March 20, 2019

The Real State Fish and Game Agenda Revealed

*Editor’s Note* – The below article appears in The Outdoorsman, Bulletin #56, April-July 2014. It is republished on this website with permission from the editor of The Outdoorsman. Please help to support the continued publication of this valuable magazine by buying a subscription and/or making a donation. You can do this by clicking the link on the right side of this page, printing out an application and mailing to George Dovel. Thank you.

The few who are able to accept the truth when they read it, know that The Outdoorsman has kept them aware of the 1980 change in state Fish and Game priority from providing continued supplies of wildlife for hunting fishing and trapping, to making non-consumptive wildlife viewing (bird watching, etc.) its number one priority. We have also photocopied and repeatedly published and referred to Jim Unsworth’s 1991-1995 Elk Plan, which boldly stated it was a plan to manage the impacts of people upon wildlife and
wildlife habitat. It also encouraged and promoted non-consumptive use of elk and claimed a single use like harvest was not necessarily a good thing.

The Outdoorsman has presented undeniable proof that officials in IDFG and several hundred from other states’ F&G agencies were trained by FWS and The Nature Conservancy in their West Virginia Training Center to sell our governors on putting Fish and Game biologists in charge of all development on public and private lands. This included implementing the system of wilderness core areas and connecting wildlife corridors.

These biologists were taught, “Instead of being the decision maker on trivial decisions like deer seasons, our primary responsibility must be to be the trusted source to the people, media and political decision-makers on incredibly important decisions like land use, water quality, biodiversity and global climate change.”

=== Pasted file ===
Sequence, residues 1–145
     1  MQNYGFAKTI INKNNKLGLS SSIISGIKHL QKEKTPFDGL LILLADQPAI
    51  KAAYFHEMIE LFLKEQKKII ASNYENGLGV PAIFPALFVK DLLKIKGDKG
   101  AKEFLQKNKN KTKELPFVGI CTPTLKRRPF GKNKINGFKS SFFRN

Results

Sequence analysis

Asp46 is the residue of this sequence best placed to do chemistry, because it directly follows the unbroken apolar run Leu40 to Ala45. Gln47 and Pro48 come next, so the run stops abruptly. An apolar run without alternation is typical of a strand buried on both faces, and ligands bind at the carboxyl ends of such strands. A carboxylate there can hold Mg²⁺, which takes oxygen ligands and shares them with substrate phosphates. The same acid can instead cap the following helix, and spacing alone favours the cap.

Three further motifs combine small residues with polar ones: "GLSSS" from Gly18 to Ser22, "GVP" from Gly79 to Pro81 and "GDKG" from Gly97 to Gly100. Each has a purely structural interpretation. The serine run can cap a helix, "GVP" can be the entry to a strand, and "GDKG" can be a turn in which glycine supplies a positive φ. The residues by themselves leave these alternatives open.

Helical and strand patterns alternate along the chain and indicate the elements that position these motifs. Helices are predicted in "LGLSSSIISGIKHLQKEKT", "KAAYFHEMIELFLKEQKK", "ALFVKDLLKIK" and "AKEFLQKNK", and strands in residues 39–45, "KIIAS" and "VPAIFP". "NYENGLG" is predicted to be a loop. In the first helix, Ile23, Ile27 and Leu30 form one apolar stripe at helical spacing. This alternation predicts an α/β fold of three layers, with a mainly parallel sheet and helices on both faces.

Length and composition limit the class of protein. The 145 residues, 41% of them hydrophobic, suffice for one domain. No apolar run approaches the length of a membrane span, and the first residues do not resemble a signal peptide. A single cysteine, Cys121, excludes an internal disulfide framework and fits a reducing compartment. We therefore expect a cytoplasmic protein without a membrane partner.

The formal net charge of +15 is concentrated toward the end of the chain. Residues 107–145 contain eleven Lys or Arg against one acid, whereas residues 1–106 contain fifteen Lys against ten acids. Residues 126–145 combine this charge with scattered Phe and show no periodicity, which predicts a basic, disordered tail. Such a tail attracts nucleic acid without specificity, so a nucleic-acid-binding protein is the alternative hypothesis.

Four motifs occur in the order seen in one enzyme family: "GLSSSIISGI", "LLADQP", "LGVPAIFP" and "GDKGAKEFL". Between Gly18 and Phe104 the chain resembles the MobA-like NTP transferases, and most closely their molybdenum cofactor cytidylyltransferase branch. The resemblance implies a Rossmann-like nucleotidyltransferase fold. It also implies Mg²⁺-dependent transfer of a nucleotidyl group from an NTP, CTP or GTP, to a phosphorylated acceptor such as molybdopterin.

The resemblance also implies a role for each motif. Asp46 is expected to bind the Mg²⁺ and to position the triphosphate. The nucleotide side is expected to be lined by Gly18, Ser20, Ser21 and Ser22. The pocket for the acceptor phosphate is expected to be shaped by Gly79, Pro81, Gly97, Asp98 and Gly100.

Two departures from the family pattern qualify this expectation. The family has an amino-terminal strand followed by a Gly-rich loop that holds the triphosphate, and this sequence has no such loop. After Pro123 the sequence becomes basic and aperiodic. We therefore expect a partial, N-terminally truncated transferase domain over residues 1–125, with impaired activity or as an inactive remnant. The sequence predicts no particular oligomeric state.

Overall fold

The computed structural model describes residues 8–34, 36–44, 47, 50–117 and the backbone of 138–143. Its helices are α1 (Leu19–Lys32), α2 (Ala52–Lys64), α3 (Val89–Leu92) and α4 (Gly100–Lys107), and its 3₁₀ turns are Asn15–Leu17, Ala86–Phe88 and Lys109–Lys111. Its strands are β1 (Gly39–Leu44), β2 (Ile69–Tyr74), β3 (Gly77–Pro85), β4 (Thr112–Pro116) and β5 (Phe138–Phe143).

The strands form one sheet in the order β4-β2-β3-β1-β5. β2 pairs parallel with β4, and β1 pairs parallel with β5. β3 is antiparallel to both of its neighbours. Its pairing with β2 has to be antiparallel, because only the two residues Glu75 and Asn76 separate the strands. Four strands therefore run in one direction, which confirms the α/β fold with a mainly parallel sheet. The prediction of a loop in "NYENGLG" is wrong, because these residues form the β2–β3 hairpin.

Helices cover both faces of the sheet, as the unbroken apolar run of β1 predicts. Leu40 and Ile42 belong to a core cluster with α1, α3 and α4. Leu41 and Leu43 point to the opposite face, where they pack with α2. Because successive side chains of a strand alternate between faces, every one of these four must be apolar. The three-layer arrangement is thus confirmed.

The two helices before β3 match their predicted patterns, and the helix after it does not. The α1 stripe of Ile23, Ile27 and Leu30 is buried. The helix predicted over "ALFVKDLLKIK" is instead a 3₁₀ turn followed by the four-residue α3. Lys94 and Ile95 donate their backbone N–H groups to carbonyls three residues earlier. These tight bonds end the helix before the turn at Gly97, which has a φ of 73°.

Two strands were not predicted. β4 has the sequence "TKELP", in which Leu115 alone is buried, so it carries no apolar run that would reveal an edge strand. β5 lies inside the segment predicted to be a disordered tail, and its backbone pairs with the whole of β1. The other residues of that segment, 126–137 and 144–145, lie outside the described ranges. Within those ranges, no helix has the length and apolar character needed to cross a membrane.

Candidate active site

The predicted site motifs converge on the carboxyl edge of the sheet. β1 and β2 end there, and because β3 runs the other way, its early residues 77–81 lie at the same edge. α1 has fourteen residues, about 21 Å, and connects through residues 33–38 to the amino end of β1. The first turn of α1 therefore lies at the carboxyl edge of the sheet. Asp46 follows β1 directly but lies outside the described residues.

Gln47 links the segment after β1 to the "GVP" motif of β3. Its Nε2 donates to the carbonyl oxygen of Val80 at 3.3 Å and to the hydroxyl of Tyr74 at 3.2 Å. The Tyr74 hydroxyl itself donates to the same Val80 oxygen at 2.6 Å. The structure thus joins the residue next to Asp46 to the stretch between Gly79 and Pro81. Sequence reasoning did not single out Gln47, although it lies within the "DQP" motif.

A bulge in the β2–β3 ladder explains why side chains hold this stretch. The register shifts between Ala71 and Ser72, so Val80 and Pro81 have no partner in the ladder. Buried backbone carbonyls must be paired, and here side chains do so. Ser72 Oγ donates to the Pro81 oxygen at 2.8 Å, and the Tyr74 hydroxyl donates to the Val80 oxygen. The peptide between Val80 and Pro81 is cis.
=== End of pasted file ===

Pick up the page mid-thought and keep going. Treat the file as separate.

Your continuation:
We reported how IDFG Director Virgil Moore recently conducted a seminar in the East to teach others how to use the Public Trust Doctrine to replace hunters with non-hunters. We also reported Moore’s working with the MAT (the “Management Assistance Team with offices in the FWS/TNC Training Center in W. Va.) at IDFG Headquarters in Boise to accomplish the transition from managing wildlife to their new “business” of regulating activities on public and private land.

In the latter part of July an eight page document surfaced that was dated May 21, 2014 and titled “Idaho Fish and Game In-Service Training School, Confluence Café Summary.” It said that 500 IDFG employees had participated in its preparation and showed color photos of several large groups participating in the “Confluence Café.”

It contained multiple suggestions to de-emphasize the role of hunters and fishermen and increase the programs available for those who don’t buy licenses. It suggested Nature Walks and Auction Wildlife Viewing trips but admitted that wildlife viewers were not willing to pay for the programs.

There was strong approval for dropping “Fish” and “Game” from the name of the Department and adding something about habitat. There were also numerous suggestions to utilize public funding for the programs they said they wanted to provide, including the lottery and sales tax.

I was privy to the angry reaction from several license buyers, one angry legislator and read several pieces of written testimony. Administrative Chief Barton lied to Sen. Cameron about having surplus money to hire the first nongame biologists, Rita Dixon lied to the Commission about having sufficient donations to pay matching funds for their program, and now they have replaced game biologists so sportsmen can pay some of their cost.

Share